As sporting venues go, Wimbledon's All England club is a monument of restraint, where smartly dressed fans "shhhhh" one another during critical points and reward exceptional shot-making with measured applause.
But the traditional rules of decorum fell by the wayside Sunday, when for only the third time in the tournament's 127-year history matches were played on the middle Sunday of the fortnight. It was the only way, officials concluded, to pare down the backlog of 114 matches created by last week's rainouts.
The upshot was "People's Sunday," in which coveted show-court tickets were sold at a discount to anyone dogged enough to join the miles-long queue. And it fell on the same day that Britain's Tim Henman played his third-round match on Centre Court. The convergence produced Wimbledon's version of a perfect tennis storm, in which regular blokes packed the game's most hallowed grounds and erupted in unbridled emotion from the moment Henman stepped onto the court until he strode off 2 hours 44 minutes later, a 7-6 (8-6), 6-4, 3-6, 6-2 victor over Morocco's Hicham Arazi.
"It's absolutely phenomenal," said Henman, who said he'd love to see "People's Sunday" become a regular feature at Wimbledon.
Henman's victory, which propelled him to a fourth-round meeting with Australia's Mark Philippoussis, was the ideal antidote to a British sports psyche that has been battered in recent days by its soccer team's loss to Portugal in the European Championship and its rugby team's drubbing at the hands of Australia.
People's Sunday proved even better for Americans Serena Williams, Andy Roddick, Jennifer Capriati and Vince Spadea, who cruised through rain-delayed third-round matches with straight-set victories.
Williams, the tournament's top seed, needed just 58 minutes to dismiss Spain's Magui Serna, 6-4, 6-0. Williams was particularly effective with her serve (hitting 67 percent of first serves). She was aggressive at the net and moved well, showing no effects from last summer's knee surgery. "I started actually playing grass-court tennis instead of clay court or hard court," said Williams, who's seeking her third consecutive Wimbledon title.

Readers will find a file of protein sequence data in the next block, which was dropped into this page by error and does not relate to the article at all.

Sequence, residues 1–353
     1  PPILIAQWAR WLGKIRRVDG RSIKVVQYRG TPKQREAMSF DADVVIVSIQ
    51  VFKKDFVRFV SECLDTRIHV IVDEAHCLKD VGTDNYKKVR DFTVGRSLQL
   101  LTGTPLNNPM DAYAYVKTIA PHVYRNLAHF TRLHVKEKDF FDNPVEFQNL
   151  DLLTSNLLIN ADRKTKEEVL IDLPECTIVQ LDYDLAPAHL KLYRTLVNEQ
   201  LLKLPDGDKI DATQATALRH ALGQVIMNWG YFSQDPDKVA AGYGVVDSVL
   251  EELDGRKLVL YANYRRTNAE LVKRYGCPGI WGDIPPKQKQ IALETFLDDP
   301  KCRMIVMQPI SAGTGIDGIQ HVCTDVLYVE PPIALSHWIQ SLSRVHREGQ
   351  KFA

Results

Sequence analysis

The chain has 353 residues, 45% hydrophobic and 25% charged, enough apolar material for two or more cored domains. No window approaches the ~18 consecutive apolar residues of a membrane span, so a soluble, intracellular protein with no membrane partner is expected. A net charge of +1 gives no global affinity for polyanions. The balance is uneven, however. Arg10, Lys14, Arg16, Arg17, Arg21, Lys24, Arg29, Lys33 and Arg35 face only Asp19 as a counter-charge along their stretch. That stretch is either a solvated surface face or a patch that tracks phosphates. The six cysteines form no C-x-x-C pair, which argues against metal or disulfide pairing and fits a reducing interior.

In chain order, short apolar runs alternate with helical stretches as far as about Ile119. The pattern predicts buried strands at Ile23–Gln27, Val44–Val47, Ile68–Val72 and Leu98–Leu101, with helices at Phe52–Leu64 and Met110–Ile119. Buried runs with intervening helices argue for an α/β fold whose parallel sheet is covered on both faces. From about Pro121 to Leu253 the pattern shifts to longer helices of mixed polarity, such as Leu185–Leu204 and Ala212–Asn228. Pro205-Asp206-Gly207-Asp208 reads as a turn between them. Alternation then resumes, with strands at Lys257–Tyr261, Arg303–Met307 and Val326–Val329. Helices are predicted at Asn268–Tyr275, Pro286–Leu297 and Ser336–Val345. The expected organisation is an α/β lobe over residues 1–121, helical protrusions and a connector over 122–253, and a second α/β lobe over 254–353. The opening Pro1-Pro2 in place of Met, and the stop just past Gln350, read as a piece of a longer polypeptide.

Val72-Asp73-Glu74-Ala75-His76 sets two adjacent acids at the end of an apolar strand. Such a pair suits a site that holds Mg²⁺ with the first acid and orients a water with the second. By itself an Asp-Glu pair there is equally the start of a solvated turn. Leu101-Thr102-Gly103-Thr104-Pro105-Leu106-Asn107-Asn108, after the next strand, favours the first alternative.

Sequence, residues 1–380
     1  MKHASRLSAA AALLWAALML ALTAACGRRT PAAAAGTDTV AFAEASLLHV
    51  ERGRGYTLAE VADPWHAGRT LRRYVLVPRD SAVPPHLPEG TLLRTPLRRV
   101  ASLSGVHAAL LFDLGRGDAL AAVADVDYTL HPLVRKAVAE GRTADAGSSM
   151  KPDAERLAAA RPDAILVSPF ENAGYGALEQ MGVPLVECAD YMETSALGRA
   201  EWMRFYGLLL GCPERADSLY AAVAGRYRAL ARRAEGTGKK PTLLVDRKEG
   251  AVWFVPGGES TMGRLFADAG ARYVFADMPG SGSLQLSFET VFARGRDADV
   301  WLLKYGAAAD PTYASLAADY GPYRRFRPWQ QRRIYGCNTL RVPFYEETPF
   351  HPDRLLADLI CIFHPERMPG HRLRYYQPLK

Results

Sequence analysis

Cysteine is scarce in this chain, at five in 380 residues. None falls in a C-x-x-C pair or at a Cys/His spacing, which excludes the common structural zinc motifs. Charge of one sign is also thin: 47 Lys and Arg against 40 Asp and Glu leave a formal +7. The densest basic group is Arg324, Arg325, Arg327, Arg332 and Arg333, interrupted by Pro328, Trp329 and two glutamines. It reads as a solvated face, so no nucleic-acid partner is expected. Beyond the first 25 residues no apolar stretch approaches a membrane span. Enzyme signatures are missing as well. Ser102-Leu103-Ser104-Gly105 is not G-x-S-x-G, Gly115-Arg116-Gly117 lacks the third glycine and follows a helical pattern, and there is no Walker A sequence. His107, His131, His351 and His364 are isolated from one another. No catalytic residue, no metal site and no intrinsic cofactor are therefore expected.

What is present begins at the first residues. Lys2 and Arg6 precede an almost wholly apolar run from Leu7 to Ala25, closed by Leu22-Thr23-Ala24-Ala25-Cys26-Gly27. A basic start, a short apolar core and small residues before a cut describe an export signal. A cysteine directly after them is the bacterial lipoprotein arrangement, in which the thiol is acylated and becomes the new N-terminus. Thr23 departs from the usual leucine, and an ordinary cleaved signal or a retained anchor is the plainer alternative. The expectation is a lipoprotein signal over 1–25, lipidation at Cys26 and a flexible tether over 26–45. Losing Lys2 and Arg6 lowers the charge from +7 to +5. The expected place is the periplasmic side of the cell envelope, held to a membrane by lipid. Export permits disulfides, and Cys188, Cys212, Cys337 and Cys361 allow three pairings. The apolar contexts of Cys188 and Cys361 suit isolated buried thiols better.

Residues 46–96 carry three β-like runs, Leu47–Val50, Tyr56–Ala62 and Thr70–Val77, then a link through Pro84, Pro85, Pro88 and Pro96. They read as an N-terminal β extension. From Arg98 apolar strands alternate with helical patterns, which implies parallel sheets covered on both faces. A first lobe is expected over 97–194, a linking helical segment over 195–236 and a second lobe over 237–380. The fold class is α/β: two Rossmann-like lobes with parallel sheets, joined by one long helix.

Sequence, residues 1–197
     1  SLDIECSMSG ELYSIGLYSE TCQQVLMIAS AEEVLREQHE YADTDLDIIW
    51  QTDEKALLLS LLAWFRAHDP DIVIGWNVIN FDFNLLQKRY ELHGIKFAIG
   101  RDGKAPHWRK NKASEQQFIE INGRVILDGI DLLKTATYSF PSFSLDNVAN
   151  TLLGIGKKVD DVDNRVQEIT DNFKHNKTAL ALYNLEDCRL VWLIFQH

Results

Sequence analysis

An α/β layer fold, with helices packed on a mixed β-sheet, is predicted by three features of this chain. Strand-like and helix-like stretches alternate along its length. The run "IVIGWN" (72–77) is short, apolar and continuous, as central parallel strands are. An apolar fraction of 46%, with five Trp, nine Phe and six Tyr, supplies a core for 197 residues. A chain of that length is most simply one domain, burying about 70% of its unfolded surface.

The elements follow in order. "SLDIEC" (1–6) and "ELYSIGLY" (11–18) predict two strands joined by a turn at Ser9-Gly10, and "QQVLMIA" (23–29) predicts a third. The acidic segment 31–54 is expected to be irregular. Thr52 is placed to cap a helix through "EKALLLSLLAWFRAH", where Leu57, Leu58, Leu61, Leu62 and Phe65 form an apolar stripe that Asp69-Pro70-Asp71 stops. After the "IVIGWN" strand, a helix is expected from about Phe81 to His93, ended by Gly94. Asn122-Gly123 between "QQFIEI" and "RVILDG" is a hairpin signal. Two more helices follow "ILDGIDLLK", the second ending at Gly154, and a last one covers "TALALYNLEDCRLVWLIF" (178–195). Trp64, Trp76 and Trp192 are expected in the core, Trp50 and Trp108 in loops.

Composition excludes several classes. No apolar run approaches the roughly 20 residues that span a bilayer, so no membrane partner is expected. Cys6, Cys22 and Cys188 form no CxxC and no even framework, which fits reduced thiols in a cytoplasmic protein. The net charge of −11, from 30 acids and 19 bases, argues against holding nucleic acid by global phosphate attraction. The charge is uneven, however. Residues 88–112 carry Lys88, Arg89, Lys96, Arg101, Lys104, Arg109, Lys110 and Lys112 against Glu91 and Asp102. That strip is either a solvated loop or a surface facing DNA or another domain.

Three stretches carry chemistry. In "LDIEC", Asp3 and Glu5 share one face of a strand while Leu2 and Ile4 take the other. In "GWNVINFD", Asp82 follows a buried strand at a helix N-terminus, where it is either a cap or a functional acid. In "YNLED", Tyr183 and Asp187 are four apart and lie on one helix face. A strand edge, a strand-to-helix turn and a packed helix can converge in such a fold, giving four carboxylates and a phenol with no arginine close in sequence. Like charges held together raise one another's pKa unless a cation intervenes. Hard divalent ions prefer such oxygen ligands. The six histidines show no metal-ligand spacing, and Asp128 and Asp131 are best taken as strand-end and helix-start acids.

Roddick, the defending U.S. Open champion, remained on track for a potential meeting with Roger Federer in the final with a 6-3, 7-6 (8-6), 7-6 (7-1) victory over fellow American Taylor Dent. The hard-serving Dent has given Roddick trouble in the past, but each time he challenged on Sunday, Roddick answered decisively, clawing back from a 6-3 deficit in the second-set tiebreaker. Roddick notched 57 winners and just nine unforced errors, while firing 16 aces along the way. Just as significantly, he created chances to charge the net -- hardly his strong suit, but an imperative on grass -- and capitalized.
"I'm making progress over two years ago," Roddick said. "I'm not a finished article in any way, shape or form -- regardless of the surface. If I was sitting here extremely content with myself at 21, then I'd have to question myself."
Capriati, the tournament's seventh seed, easily handled Nathalie Dechy of France, 7-5, 6-1, and was just grateful to finally get to play after so many delays. "With the rain and everything, you sit around and it's hard to not just get sluggish and lose that quickness," she said.
The day's biggest surprise was the 30th-seeded Spadea, who knocked off eighth-seeded Rainer Schuettler of Germany, 6-4, 6-2, 6-3. Federer cruised also, dismissing Sweden's Thomas Johansson, 6-3, 6-4, 6-3.
Like Henman, Federer was struck by the enthusiasm of the fans, who were markedly younger and more vocal than the typical Wimbledon crowd. Most wore blue jeans instead of coats and ties, and many sported that disheveled look that comes with having spent the previous night on the sidewalk to make sure they got tickets.
While a limited number of tickets is set aside for same-day sale during the tournament, Sunday was the first day since 1997 (the last People's Sunday) that an entire day's allotment was sold to first-comers the morning of the matches. Fans started forming lines Saturday afternoon, the moment it was announced that 11,000 Centre Court seats, 10,000 seats at Court No. 1 and 7,000 general admission tickets would go on sale Sunday for roughly $64, $55 and $27.50, respectively.
Most came to cheer on Henman and sported their loyalty in the form of Union Jack hats, T-shirts, capes and flags. They cheered Henman's every point, whether earned by skill or freakish luck. They pulled him through tight spots of the match, jumping to their feet to do "the wave" when he appeared flat. And they sent him off with prolonged cheers and a standing ovation.
"This is different, there's no doubting that," Henman said later. "They're true fans to be out there queuing. I'm sure there's going to be a debate whether this should happen, you know, every year. . . . But from a playing point of view, it's a privilege."